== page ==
Women's Defence Relief Corps
|Women's Defence Relief Corps|
Women's Defence Relief Corps brassard
|Role||Women's war work and home defence|
|Engagements||First World War|
The Women's Defence Relief Corps was a First World War voluntary organisation in the United Kingdom. It was set up to increase the number of women in employment which would release men to join the armed forces. It also had a "semi-military" section that trained women in marksmanship and military drill for home defence purposes. The corps was supported by the Board of Agriculture for a period, though it would be eclipsed by the more successful Women's Land Army.
The Women's Defence Relief Corps was founded by Mrs Dawson Scott in September 1914, shortly after the outbreak of the First World War. It was initially intended to increase the employment of women, which would release men to join the British armed forces (which did not introduce conscription until 1916). The organisation was supported by Herbert Kitchener, 1st Earl Kitchener (Secretary of State for War) and Frederick Roberts, 1st Earl Roberts (president of the Women's Rifle Associations). It expanded to two divisions: the civil section which focused on the original aim of women's employment and a "Semi-Military or good-citizen section". The latter division was a paramilitary of women who wanted to "defend not only herself, but also those dear to her". The semi-military section was set up after women were refused training by the official home defence units. The section drilled along military lines and trained women in marching, scouting and marksmanship. An official handbook for the corps was produced under the editorship of Mrs Scott; its 3rd edition was published in 1915. Women of the corps were issued a brown cloth brassard marked with a red letter H.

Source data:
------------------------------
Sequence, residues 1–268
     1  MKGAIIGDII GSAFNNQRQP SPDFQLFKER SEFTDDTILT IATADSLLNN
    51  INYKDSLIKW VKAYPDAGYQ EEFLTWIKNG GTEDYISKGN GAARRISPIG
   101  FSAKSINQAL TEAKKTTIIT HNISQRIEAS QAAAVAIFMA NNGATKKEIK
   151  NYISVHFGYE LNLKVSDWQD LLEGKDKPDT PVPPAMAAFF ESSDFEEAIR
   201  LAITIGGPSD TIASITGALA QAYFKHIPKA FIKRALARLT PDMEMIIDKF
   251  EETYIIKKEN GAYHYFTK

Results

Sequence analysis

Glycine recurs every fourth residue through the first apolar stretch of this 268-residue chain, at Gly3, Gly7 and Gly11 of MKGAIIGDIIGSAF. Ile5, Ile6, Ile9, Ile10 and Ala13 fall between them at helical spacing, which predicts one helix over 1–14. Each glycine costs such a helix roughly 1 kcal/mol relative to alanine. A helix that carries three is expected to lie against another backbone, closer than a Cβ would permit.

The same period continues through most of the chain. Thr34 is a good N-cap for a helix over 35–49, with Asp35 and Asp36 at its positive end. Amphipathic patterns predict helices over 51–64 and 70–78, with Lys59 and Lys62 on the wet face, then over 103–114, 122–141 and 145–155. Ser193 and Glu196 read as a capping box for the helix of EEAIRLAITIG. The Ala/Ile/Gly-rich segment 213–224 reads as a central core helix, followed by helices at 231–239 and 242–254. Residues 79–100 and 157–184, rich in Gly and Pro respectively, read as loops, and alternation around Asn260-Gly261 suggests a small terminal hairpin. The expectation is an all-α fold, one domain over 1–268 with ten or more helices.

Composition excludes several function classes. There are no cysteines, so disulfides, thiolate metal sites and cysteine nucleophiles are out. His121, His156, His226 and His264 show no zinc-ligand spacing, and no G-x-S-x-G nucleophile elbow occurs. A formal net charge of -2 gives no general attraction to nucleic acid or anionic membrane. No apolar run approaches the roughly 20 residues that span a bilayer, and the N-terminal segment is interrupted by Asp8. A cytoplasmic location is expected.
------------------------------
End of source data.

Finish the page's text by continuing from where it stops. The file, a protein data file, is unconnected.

The corps mobilised to carry our agricultural work in spring 1915. It would go on to play a key role in putting farmers in touch with casual female labour. The corps advertised the available posts as suitable vacation work for women and stipulated a minimum wage of 18 shillings per week. The Women's Land Army developed from the corps in 1915, as a means of alleviating food shortages. By the war's end the land army would have sent out 9,022 female labourers and was instrumental in saving the 1918 British flax harvest.
The Women's Defence Relief Corps was a more modest organisation which by 1916 was sending out work teams totalling just 465 women. These focused on light agricultural work such as fruit picking, hop harvesting and hay making. Whilst the corps was viewed as unsuccessful in making a significant impact the Board of Agriculture took an interest, as it was keen to use it to increase the use of middle-class women in supervisory agricultural positions. By the end of 1916 the number of women in the corps had been increased to 2,000. The Board of Agriculture decided that a widespread reorganisation of female volunteer labour was needed and from March 1917 directed its efforts solely on the Women's Land Army.
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